Today I heard of the salacious stories about John McCain and some lobbyist named Iseman. She looks good, for an old guy like him, but she's not much different than his trophy wife. Putting aside the obvious target of a candidate fooling around on the campaign trail, and focusing on the ethics issues, it seems awfully suspicious that Mr. McCain was close to a lobbyist when he is trying to build and maintain this image of a good, clean incorruptible guy.
Now as a guy, I know how easy it is to be influenced by pretty women. They are all over, and if one is not careful, he could be attracted to, and therefore make foolish decisions because of one of those women. I have to stay away from women like that, as I have higher goals in mind than just fulfilling my flesh. I don't think that many guys will honestly say that they can hang around with attractive women and not be attracted to them, so this was a foolish move on Mr. McCain's part. So let's be clear about that: The appearance of impropriety is a big thing when one is trying to be the clean candidate, and it casts a bad light on his judgment. As President, judgment is the key quality that is required.
With good judgment, I would trust almost anyone as President. I say "almost anyone" because "good judgment" implies that the person will defend and protect the country above fulfilling their person desires and maintaining their personal image. Such a person with good judgment would protect our borders first, and protect our people from foreign invaders, whether they are invading through cracks in the fence, or just overstaying their welcome (9/11 anybody?). A person with good judgment would help people to achieve their best, and encourage them to provide for themselves and help their fellow man. A person with good judgment would also protect the most innocent among us, such as unborn babies, while letting those who have been found dangerous to society face the consequences of their proven actions.
So just because the New York Times is attacking John McCain does not change my position on his judgment. It also does not change the positions that drove me to not want to vote for Mr. McCain. While I do believe that the enemy of my enemy may be my friend, Mr. McCain has not proven that he is a friend to me. He is simply facing the heat that would come on any enemy of the liberal establishment, as voiced by the NYT. A moderate Republican is too conservative for the NYT, but not conservative enough for a true conservative like me. They endorsed John McCain in the primaries, but had no intention of supporting him in the general election. Why should anyone follow the suggestions of a hostile group of people when picking their candidate? Yet the media pointed to his endorsement by the NYT, his victories in "blue states", and people started talking about electing the candidate who can win "broad support". When poles of the Big Tent are liberal, the tent tends to collapse to the left.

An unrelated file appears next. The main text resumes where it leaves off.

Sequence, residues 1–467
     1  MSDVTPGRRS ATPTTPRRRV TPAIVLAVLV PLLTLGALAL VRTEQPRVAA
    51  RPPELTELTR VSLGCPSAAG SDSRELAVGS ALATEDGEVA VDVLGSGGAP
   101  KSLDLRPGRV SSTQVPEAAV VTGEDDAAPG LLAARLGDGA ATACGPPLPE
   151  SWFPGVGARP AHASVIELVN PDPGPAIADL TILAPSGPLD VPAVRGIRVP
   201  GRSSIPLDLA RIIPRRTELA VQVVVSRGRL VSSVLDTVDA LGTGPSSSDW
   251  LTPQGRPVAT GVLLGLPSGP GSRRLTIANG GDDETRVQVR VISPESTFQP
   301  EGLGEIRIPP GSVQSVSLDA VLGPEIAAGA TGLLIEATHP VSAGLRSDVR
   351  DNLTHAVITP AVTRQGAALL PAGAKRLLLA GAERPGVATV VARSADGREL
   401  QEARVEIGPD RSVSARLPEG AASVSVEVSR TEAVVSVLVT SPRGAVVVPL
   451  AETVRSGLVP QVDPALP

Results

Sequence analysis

I know not one person who is excited about John McCain for President. Not one. And I know a lot of people, from various parts of the country. Groups like the NYT believe that we will like or dislike a group for personal reasons. To a small extent, that is true, but the main reason conservatives like a candidate is that they like his positions on the issues, and trust that he will give every effort to getting those positions enacted into our laws or at least into our culture. Sometimes a position can be influential by just repeating it from the bully pulpit, while there are clearly those that need to be enacted into law. This explains why the Border enforcement and the Fair Tax were not enough to propel Mike Huckabee into the top position in the campaign. Not enough people believed he would really do those things, and not enough people really believed he was conservative enough that they could really trust him to get the job done in a conservative way. He had a record of running as a conservative, but then backing down to a Democrat legislature. He also has a class warfare streak that comes out in speeches and in debates, and that rubs a lot of conservatives the wrong way. But that's a whole nother subject.
These primaries were without the two main candidates we would have liked to see, and so we had to choose between five people who were not our first choices for President. Probably the best would have been George Allen or Jeb Bush, if they would have run. However, Macaca and Bush derangement syndrome along with Bush fatigue shot those guys out of the water. We are now down to the lesser of five lessers, and Mr. McCain is less than we want. No matter what the NYT says or does, John McCain is not the kind of guy I can get behind with any enthusiasm, even if I feel compelled to defend him on some issues they raise. I almost cannot vote for him, which some might see as a softening of my position.
This leaves me wanting to tell you about how the Gang of 14 ruined my chances of voting for McCain, and how the Mexican border positions Mr. McCain takes are hardening me in my opposition to Mr. McCain, but that will have to wait. I have to go to bed, to stop complaining about McCain, because I have a job to attend in the morning. I work my butt off all day to support my family and pay my taxes, so I need my sleep. By the way: when do Candidates sleep? They seem to always be up, or on their way somewhere, leading a press junket on aq plane. Oh well... Good night!